PLAs are the primary political tactic of construction unions to undercut their non-union competition and raise costs of construction for their benefit. It’s a reasonable question to ask how a PLA undercuts competition, considering that all contractors – both union and non-union – will have to pay generous state-mandated prevailing wages to all workers on the civic center project.
One provision in PLAs compels non-union contractors to pay their employees’ health and pension benefits to union trust funds instead of the company’s own benefit plan. At the conclusion of the project, the benefit payments are permanently lost to the unions unless the employees remain in the unions.
This might be convenient for the underfunded union pension plans, but it is unfair to the employees. A non-union contractor who agreed to this scheme would have to pay benefits both to the union and to its own benefit plans – thus doubling the substantial costs of providing benefits. Who wants to bid under those conditions?
Another provision contained in PLAs is the requirement that all workers join the union through the payment of union initiation fees and dues. The choice for the non-union worker: pay up or go elsewhere for work.
No local government that cares about fiscal responsibility would adopt an unnecessary requirement for its contractors to sign a union agreement. Most local governments in California want to maximize the number of capable and responsible bidders, regardless of whether or not their employees chose to belong to a union.
It’s not a coincidence that in the early 2000s, the first three school districts in the Bay Area to require contractors to sign PLAs were three Bay Area school districts that have recently experienced state bailouts: West Contra Costa, Vallejo and Oakland. PLAs thrive where local governments are fiscally irresponsible and where voter accountability is low.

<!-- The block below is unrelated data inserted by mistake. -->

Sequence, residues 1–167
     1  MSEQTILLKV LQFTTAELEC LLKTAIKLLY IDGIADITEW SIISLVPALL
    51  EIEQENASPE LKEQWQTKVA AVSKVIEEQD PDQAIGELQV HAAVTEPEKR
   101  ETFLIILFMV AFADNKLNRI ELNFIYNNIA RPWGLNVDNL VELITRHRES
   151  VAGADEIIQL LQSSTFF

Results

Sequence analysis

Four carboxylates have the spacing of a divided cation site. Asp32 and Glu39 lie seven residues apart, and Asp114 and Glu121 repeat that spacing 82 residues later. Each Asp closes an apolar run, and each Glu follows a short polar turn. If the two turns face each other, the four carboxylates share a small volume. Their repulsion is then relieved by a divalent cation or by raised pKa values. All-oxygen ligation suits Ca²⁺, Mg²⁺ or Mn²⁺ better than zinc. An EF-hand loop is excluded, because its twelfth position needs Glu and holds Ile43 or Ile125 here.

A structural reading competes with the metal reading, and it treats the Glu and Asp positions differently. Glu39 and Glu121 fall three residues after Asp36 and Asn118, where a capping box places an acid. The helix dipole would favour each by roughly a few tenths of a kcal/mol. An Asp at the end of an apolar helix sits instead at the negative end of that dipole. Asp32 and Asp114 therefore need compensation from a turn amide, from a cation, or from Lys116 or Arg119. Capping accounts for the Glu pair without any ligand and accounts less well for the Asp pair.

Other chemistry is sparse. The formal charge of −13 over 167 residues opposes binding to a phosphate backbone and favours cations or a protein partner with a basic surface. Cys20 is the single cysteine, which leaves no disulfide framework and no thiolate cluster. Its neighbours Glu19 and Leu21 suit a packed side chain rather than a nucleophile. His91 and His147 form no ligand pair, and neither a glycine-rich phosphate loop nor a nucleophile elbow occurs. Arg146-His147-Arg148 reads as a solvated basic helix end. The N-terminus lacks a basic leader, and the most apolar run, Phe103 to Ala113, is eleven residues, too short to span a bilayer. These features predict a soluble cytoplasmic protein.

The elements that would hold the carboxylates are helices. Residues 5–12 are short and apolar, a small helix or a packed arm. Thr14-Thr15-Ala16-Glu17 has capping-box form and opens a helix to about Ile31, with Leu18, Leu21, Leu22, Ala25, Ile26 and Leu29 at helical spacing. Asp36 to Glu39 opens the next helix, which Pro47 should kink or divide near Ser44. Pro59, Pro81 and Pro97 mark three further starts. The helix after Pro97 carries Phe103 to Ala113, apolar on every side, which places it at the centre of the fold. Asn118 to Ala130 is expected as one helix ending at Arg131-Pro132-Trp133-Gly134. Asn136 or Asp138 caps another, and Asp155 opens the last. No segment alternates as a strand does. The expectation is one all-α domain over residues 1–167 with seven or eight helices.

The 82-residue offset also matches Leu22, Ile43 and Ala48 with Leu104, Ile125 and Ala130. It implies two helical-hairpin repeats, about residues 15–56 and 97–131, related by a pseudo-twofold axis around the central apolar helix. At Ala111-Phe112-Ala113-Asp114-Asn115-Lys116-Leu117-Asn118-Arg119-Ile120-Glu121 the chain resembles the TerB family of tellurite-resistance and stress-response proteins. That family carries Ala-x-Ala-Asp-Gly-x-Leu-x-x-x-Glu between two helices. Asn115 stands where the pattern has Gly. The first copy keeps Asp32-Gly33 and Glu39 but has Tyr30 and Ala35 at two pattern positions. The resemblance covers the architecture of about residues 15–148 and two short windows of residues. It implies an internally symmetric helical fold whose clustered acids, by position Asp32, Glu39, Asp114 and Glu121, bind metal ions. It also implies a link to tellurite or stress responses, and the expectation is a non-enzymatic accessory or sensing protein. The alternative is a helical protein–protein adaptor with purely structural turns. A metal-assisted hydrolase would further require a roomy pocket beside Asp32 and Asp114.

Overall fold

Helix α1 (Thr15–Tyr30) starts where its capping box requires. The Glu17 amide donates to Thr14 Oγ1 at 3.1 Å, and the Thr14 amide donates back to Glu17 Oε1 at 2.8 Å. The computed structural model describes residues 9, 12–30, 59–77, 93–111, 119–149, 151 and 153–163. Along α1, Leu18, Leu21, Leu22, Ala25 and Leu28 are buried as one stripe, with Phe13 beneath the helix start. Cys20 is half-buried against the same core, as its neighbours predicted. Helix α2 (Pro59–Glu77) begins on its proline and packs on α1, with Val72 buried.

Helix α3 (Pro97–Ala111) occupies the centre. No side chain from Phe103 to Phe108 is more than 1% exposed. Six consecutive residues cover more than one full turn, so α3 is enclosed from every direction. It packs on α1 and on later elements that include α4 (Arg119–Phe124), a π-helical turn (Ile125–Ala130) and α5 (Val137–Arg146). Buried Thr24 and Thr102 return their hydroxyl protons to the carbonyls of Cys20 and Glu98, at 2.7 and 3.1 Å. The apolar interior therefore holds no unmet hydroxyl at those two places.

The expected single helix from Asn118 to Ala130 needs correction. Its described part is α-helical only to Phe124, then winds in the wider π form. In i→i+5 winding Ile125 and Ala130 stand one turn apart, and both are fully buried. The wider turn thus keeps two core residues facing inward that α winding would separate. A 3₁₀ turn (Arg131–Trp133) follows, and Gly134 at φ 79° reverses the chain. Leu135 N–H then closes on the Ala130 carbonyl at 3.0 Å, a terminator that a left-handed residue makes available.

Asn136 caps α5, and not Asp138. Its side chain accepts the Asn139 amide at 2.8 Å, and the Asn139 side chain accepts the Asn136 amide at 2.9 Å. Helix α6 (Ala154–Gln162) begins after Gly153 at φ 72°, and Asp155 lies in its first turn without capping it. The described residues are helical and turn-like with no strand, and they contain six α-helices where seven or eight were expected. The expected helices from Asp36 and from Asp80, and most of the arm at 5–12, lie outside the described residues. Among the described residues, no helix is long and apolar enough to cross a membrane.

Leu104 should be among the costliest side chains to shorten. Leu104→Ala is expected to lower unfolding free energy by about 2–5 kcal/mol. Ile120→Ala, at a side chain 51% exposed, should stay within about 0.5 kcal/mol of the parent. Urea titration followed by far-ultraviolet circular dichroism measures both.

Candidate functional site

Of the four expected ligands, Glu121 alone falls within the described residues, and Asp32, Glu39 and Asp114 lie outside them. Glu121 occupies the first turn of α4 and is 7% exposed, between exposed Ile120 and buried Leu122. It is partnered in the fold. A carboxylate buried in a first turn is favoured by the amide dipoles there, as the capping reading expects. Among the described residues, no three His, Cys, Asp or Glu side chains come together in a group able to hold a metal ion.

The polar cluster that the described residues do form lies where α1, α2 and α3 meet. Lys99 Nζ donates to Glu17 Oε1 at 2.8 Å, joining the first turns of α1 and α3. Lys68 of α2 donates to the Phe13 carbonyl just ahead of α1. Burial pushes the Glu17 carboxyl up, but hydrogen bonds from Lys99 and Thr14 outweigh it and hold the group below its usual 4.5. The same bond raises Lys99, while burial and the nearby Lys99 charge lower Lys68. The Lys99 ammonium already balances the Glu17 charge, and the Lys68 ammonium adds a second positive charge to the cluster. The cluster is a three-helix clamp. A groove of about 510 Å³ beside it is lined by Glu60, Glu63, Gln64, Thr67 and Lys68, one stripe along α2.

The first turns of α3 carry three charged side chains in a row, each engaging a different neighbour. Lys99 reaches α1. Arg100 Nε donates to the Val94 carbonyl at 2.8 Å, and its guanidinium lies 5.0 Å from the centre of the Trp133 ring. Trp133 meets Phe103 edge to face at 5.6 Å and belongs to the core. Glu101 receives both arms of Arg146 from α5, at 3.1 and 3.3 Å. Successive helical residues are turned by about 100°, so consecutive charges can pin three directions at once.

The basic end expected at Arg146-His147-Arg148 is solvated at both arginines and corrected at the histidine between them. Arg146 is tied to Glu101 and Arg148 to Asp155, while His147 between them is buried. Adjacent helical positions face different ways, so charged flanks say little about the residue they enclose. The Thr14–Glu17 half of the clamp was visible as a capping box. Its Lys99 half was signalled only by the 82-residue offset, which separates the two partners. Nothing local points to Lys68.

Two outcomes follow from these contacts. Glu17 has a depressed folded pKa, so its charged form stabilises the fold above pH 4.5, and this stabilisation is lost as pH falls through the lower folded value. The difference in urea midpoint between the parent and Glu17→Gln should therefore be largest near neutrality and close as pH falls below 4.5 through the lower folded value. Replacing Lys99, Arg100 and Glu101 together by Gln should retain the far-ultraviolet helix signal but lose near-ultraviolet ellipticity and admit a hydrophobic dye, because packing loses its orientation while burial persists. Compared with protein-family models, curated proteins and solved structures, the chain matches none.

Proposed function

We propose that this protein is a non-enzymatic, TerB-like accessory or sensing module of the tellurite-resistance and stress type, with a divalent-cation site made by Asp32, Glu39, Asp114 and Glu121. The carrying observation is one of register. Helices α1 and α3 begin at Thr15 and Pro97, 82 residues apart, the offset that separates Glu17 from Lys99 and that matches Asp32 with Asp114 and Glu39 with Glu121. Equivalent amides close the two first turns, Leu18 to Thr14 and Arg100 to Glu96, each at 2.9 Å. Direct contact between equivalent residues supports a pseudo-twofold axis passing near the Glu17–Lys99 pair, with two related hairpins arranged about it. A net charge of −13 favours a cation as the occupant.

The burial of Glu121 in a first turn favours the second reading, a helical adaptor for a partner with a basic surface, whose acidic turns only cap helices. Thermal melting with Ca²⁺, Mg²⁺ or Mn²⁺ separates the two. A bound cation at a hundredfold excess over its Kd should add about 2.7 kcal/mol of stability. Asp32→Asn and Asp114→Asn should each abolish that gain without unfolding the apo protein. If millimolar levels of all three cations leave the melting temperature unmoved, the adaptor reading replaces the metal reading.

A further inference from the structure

Of course, as you’ve probably already guessed, PLAs are not about logic. They are about politics. Non-union public-works contractors have been fighting proposed PLAs in Northern California for 15 years, and behind every push for a union PLA is a local politician who dreams of union political support for a campaign for higher office.
If the Brentwood City Council continues to contemplate the idea of a PLA for this civic center, federal and state legislators and a wide variety of Bay Area local elected officials will begin intensely pressuring them on behalf of construction unions to vote for a PLA. Council meetings will be repeatedly packed with people from all over Northern California. This happens every time there is a divisive vote on a PLA.
At stake is the degree of bid competition for a $75 million project paid for with your tax dollars. As a citizen of Brentwood, you need to speak out now to your City Council if you oppose further consideration of this Project Labor Agreement union scheme. Soon all local voices of reason will be lost in the ruckus of big-time politics.